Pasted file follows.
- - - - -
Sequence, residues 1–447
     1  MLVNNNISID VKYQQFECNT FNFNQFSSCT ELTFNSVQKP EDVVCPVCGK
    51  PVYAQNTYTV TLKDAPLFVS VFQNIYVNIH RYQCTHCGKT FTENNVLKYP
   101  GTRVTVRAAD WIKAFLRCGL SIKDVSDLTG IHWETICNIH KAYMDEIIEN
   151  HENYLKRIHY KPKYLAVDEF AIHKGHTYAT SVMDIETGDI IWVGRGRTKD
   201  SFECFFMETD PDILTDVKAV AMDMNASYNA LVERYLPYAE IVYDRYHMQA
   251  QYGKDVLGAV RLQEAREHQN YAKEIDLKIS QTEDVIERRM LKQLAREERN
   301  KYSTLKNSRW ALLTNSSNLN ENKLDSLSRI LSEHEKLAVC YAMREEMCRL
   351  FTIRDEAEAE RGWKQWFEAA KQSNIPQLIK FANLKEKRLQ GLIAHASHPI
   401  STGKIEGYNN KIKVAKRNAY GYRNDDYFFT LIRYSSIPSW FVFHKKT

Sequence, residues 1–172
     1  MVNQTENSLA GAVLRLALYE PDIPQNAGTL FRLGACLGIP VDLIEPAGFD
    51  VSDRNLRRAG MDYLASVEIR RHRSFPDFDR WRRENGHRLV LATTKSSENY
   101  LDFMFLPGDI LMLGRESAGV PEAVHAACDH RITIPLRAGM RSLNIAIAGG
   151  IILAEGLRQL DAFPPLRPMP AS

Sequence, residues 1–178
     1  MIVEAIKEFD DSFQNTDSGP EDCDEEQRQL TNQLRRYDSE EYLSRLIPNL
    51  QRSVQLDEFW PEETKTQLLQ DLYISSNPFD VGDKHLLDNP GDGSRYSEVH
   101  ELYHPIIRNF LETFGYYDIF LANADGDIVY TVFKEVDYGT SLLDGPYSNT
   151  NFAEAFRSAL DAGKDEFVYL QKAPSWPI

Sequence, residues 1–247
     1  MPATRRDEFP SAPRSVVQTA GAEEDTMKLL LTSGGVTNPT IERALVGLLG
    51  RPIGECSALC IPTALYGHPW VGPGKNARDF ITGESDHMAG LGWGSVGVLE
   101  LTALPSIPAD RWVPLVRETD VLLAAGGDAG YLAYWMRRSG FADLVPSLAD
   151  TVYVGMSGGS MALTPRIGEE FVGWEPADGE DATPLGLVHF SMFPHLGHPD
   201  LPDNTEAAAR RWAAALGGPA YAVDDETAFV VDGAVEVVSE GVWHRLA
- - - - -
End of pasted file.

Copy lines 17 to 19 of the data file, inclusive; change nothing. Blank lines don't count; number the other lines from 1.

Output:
     1  MIVEAIKEFD DSFQNTDSGP EDCDEEQRQL TNQLRRYDSE EYLSRLIPNL
    51  QRSVQLDEFW PEETKTQLLQ DLYISSNPFD VGDKHLLDNP GDGSRYSEVH
   101  ELYHPIIRNF LETFGYYDIF LANADGDIVY TVFKEVDYGT SLLDGPYSNT